Week That Was: Team CTW’s Rights and Wrongs from 2014 FSTA Baseball Expert Draft

With the first official fantasy baseball expert league draft (FSTA league in Las Vegas) about a week and a half away, I thought it would be interesting to dig through the archives and see what team Colton and the Wolfman (Rick Wolf, Stacie Stern and me) did and why we did it.  Of course, at the risk of immodesty, we know how we did as we held off the great Ron Shandler to win our first FSTA (and 9th expert) crown.  Am I writing this column just to gloat?  While some would say it is not beyond me, there answer is no.  I do have a useful purpose.  As Viper tells Maverick in our theme movie Top Gun: “A good pilot is compelled to evaluate what's happened, so he can apply what he's learned.”   So, what did we learn?

Our First Pick:  Round 1 did not go well because we were not SMART.  We violated a critical Rule of Engagement and paid full value for upside rather than for a track record of performance.  Needless to say, Bryce Harper hardly lived up to his price.  We learned: Never ever leave your wingman; never ever violate the Rules of Engagement (which will be re-published in the upcoming Fantasy Alarm Draft Guide hitting the stands next month); and never ever pay full price for production that has never actually happened before.

Round 2:  On its face, our pick of Chris Davis in round 2 would seem to be equally bad.  Not so fast.  It was bad but not a disaster.  As we wrote last year:  “Many sites have Chris “Crush” Davis as a top 5-7 pick.  When it came time for team CTW to choose at 20, Davis was still there.  We pounced.  Even if Davis suffers a 40% reduction in dingers, he will smack over 30 for us.”  Davis was hardly great, but he hit 26 HR and absent the 25 game suspension, he would easily have reached that 30 HR mark.  We learned: if you get a big enough discount, your risk is reduced and you can go for it.  Davis did not kill it in 2014 but he did not kill us either.

Starting pitching:  The SMART system and Rules of Engagement say to grab young/in their prime flame throwers (national league preferred in mixed leagues) to form the majority of one’s starting staff.  All of Adam Wainwright (round 3), Jordan Zimmerman (round 6), Jeff Samardzija (round 14) and Lance Lynn (round 15) earned us a profit and staked us to a pitching lead all year.  We learned: the SMART system and Rules of Engagement do work.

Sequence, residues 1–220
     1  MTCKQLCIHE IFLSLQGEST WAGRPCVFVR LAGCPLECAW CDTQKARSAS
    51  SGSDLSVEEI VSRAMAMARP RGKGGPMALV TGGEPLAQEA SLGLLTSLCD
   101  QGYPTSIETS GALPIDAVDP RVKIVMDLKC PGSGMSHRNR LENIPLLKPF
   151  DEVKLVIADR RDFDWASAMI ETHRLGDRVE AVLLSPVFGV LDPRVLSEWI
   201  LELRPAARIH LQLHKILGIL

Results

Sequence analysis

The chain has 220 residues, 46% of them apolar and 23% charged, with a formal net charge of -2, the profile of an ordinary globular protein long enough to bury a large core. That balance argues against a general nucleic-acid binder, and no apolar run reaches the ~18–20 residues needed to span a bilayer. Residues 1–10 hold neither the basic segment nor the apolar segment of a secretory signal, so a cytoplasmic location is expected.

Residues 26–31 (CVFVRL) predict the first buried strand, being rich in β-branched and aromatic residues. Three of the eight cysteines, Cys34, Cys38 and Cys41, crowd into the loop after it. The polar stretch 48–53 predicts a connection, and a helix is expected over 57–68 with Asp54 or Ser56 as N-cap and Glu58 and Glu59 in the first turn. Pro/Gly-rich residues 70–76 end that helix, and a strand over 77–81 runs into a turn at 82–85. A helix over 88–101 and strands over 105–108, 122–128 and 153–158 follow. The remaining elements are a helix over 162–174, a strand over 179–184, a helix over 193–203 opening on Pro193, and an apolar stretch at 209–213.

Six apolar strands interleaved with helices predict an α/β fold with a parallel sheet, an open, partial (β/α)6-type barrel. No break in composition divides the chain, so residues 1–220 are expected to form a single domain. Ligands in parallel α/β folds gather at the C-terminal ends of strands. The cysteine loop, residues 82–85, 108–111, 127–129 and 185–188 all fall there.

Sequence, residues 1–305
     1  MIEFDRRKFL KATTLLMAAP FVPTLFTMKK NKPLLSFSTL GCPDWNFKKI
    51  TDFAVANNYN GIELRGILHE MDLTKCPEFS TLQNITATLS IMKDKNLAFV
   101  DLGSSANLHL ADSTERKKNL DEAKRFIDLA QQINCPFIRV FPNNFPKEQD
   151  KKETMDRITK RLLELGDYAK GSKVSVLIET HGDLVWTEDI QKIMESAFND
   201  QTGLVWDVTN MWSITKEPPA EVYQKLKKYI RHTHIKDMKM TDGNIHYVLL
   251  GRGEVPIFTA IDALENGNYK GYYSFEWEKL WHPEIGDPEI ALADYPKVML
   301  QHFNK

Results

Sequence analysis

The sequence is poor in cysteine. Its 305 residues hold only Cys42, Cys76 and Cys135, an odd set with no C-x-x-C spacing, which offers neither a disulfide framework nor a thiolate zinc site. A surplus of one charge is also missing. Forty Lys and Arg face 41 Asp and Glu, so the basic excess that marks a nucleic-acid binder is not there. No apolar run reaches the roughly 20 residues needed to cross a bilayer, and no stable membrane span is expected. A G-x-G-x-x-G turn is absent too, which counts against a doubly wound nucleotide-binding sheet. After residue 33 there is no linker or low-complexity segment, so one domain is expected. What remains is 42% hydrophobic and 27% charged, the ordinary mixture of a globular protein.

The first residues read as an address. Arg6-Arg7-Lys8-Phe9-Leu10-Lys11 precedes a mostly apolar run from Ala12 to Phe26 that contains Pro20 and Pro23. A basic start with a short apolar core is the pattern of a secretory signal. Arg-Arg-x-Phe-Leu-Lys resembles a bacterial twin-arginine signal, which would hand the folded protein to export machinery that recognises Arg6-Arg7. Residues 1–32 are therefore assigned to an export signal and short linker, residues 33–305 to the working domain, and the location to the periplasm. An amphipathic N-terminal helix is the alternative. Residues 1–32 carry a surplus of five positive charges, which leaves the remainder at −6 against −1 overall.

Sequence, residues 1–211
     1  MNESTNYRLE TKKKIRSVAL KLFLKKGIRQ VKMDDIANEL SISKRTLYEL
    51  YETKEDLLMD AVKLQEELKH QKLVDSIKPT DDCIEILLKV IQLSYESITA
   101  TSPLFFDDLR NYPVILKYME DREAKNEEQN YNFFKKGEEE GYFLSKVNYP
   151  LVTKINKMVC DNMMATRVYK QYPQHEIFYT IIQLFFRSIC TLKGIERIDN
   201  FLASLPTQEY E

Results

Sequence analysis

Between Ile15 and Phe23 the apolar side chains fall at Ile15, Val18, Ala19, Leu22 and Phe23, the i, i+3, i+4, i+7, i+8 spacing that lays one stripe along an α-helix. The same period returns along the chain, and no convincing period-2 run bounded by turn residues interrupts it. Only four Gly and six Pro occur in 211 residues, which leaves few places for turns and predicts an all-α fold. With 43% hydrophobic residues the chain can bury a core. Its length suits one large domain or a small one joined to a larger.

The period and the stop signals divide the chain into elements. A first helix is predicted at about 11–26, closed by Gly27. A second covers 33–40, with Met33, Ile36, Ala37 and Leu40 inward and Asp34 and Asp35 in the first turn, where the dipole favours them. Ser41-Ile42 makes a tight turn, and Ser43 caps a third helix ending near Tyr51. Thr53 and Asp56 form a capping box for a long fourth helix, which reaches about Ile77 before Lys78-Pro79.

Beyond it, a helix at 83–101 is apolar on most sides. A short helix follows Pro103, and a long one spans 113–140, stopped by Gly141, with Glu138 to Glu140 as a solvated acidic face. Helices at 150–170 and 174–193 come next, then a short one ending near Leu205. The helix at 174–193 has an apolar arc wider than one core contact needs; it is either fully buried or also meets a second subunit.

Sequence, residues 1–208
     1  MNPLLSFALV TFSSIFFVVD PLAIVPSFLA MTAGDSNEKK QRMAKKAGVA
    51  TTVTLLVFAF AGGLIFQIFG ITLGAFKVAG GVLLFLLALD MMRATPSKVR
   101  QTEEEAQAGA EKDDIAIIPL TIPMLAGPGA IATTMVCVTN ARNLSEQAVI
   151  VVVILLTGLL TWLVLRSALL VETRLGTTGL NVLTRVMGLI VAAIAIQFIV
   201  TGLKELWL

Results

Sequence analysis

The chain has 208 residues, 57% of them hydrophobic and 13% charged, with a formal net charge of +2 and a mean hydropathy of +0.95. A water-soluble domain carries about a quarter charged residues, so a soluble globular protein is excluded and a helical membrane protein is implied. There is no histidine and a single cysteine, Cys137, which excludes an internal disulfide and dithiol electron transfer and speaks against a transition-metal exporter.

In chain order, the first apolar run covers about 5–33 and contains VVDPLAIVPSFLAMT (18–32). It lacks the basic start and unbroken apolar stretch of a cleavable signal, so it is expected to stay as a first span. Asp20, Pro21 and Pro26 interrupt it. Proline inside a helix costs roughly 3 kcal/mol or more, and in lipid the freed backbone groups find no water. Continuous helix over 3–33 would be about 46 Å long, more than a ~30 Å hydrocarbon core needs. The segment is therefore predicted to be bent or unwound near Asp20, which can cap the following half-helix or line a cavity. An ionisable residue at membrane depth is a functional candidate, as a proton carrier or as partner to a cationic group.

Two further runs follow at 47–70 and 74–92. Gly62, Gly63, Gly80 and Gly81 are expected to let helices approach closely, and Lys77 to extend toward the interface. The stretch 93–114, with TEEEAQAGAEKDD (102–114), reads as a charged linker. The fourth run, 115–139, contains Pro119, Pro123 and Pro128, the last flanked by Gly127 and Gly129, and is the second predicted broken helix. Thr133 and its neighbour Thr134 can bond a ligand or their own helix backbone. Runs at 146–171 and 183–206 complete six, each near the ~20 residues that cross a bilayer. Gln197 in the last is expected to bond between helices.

Relief pitching:  Well it was a mixed bag.  We believed Joe Nathan to be reliable but we should not have.  The SMART system and Rules of Engagement both counsel against big investment in older players.  Yes, Mariano Rivera defied time but mere mortals do not.  Joe Nathan, as a mere mortal, did not.  On the other hand, by grabbing Jonathan Papelbon in round 13, we reduced the risk from Nathan so not all was lost in the bullpen.  We learned:  Age matters.  Older players get hurt more and drop off a cliff production-wise far more often than their prime age counterparts.  We also learned:  study the advanced metrics and not to look at only one metric.  Here is what we wrote about Papelbon a year ago “Note: for those predicting doom for Pap because of some reduced velo, take note that his k/bb ratio, FIP and BABIP all remained constant from 2012-2013 – years in which he tallied 67 saves and 10 wins.  The rumors of his demise are greatly exaggerated]”.  And so they were.

Middle Infield:  Again, not so SMART – we did not pay enough attention to the scarce positions and ended up with a sorry shallow mixed league infield of Brandon Phillips, Asdrubal Cabrera, Martin Prado and Will Middlebrooks.  Only the late round lottery ticket of Dee Gordon and Prado’s rejuvenation in New York saved us from a truly horrific infield.  What we learned:  1) One cannot ignore scarcity even in shallow leagues such as the 13 team mixed FSTA expert league; and 2) if you do find yourself hurting at a scarce positions, prospect late on upside plays as they could erase mistakes.

End Game:  This is where we really shined.  The SMART system and Rules of Engagement both say grab upside late and avoid the no upside veteran bench fillers.  Check this out:  Melky Cabrera in round 26 (hitter with strong track record in his prime in hitters’ park); Garrett Richards in round 27 (pitcher with an average FB velocity of 95 and finally getting a shot at the rotation) and of course Dee Gordon in round 29 (game changing speed if he got the shot, which of course, he did).

Final Thoughts:  We need to stick to the SMART system and the Rules of Engagement.  Where we did, we scored.  Where we lost our way, we lost value and lost ground.  Our discipline will be tested soon.  Tune in to SiriusXM Fantasy Sports Radio on Thursday January 15 at 7pm ET to hear how the 2015 draft turns out.  With fellow Fantasy Alarm stars Jeff Mans, Ray Flowers, and Todd Zola, as well as all world fantasy baseball players such as Ron Shandler, Lawr Michaels, Steve Gardner and Chris Liss in the draft, team CTW will need to stay SMART and stick to the Rules of Engagement even more closely than last year if we hope to retain the crown.   Play Ball!